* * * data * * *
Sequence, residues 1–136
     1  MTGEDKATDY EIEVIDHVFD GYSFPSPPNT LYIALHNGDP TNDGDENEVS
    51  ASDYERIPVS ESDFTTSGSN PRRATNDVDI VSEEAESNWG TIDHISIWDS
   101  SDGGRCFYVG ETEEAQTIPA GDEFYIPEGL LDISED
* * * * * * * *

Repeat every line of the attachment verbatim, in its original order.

Sequence, residues 1–136
     1  MTGEDKATDY EIEVIDHVFD GYSFPSPPNT LYIALHNGDP TNDGDENEVS
    51  ASDYERIPVS ESDFTTSGSN PRRATNDVDI VSEEAESNWG TIDHISIWDS
   101  SDGGRCFYVG ETEEAQTIPA GDEFYIPEGL LDISED